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Educational policy analysis archives.
n Vol. 1, no. 14 (November 22, 1993).
Tempe, Ariz. :
b Arizona State University ;
Tampa, Fla. :
University of South Florida.
c November 22, 1993
Further reflections on moral education : a response to strike / Rick Garlikov.
Arizona State University.
University of South Florida.
t Education Policy Analysis Archives (EPAA)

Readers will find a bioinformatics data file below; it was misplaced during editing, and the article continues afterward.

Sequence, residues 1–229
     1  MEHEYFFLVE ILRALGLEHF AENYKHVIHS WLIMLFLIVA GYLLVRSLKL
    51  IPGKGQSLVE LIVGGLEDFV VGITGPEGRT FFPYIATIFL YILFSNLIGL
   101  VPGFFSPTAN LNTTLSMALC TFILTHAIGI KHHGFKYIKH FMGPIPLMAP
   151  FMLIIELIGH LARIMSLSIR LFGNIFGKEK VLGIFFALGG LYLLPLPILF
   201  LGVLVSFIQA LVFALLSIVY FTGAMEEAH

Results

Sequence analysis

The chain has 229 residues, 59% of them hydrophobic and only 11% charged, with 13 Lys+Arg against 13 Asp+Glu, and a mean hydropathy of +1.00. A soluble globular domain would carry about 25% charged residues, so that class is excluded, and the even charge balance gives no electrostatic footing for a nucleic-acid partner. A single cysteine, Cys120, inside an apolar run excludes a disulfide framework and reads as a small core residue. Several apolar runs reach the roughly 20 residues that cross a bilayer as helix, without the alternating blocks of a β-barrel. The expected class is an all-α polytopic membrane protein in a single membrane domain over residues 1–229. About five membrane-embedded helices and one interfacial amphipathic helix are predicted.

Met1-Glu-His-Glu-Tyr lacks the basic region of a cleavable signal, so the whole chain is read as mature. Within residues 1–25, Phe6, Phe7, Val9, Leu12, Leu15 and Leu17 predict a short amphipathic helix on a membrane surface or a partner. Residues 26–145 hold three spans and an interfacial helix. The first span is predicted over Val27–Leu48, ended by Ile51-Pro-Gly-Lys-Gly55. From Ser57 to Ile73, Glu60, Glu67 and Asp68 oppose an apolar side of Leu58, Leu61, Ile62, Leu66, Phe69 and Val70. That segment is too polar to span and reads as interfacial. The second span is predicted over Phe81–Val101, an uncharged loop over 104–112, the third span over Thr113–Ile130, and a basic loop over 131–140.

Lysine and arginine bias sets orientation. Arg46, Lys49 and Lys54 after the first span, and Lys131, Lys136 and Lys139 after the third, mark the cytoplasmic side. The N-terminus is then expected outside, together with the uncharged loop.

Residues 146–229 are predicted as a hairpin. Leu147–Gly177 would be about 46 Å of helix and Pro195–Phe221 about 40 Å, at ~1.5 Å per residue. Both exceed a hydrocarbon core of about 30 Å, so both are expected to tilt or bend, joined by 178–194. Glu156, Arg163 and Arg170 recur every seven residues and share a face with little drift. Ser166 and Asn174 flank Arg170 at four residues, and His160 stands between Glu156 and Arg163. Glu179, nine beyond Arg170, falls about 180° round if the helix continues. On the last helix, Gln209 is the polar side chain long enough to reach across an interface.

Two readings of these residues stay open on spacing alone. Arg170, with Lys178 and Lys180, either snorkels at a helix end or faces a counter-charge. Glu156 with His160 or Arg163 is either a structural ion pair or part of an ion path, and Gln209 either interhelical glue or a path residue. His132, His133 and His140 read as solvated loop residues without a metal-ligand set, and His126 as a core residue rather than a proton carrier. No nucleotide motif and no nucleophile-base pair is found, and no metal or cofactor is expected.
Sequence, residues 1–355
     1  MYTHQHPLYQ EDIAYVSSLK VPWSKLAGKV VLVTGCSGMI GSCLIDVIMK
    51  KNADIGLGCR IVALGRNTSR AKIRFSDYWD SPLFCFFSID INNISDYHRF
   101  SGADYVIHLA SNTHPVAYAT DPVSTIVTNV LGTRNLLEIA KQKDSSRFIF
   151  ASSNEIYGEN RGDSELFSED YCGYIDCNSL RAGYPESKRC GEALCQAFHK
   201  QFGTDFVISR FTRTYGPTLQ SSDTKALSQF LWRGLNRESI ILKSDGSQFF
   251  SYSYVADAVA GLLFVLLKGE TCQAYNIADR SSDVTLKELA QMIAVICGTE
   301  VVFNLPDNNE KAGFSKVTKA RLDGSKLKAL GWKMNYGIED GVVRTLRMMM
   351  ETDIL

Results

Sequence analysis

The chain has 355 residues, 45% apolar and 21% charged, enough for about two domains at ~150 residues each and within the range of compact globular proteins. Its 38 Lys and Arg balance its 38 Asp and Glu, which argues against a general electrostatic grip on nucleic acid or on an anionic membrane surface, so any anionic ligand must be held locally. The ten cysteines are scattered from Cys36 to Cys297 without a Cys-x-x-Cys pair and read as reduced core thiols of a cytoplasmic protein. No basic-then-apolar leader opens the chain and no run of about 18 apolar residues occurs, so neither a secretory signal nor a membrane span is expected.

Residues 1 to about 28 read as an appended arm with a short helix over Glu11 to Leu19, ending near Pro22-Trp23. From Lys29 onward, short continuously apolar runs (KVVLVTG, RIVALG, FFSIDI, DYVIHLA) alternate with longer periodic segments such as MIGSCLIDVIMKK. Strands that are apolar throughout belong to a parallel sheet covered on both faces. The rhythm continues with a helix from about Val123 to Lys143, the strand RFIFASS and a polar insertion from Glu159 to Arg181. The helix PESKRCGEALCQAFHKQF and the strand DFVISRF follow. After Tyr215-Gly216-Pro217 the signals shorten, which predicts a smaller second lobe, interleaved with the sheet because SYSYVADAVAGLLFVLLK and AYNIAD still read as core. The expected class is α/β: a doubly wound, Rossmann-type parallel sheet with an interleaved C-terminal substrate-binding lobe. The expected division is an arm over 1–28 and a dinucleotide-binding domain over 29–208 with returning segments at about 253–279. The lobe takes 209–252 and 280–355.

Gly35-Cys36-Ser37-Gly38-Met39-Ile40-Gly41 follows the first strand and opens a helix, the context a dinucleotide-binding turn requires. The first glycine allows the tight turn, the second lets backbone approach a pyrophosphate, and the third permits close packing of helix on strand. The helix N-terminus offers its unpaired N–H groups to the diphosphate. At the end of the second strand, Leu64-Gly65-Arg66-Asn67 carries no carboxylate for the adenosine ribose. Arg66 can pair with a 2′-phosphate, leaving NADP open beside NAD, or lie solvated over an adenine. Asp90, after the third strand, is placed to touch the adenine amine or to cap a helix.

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1 of 8 Education Policy Analysis Archives Volume 1 Number 14November 22, 1993ISSN 1068-2341A peer-reviewed scholarly electronic journal. Editor: Gene V Glass, Glass@ASU.EDU. College of Edu cation, Arizona State University,Tempe AZ 85287-2411 Copyright 1993, the EDUCATION POLICY ANALYSIS ARCHIVES.Permission is hereby granted to copy any a rticle provided that EDUCATION POLICY ANALYSIS ARCHIVES is credited and copies are not sold.Further Reflections on Moral Education: A Response to Strike Rick Garlikov Lawson State Community CollegeAbstract: While moral discourse is in need of much help, the re is a solution which is not dependent on Kenneth Strike's remedy of understanding or buil ding character, as such, and which teaches moral reasoning without promoting particular moral values or character traits. Further, contrary to Strike's claim, moral skepticism is not the main problem with moral debate today, which often features diametrically opposed, absolutely certain, dogmatic assertions by all sides. The author teaches ethics courses, and has found among student s from a variety of ages and socio-economic backgrounds that the understanding of certain topic s in ethics is necessary and often sufficient for promoting more reflective and responsible behavior, and for promoting discourse that has a greater chance to resolve differences. I agree with Kenneth Strike's view (Strike, 1993) t hat public and classroom moral discourse are generally in an avoidably deplorable state. I further agree with him that what he calls moral skepticism is at least in part to blame for this state in some classrooms. (I call it a form of relativism, one that confuses what sorts of things are properly relative or matters of mere subjective preference, with those that are not mere matters of taste or preference.) However, I do not believe that relativism or moral skepticism is quite a problem in the average citizen's discussions about moral issues. On the contrary, ve hement, rigid, often simplistic, dogmatic disagreement about moral ideals tends to reign. I l ikewise disagree with enough of many other particulars in his article that I feel obliged to r espond here.Less Moral Diversity Than Might Be Expected Even though I have taught students from a variety of backgrounds, I do not see either the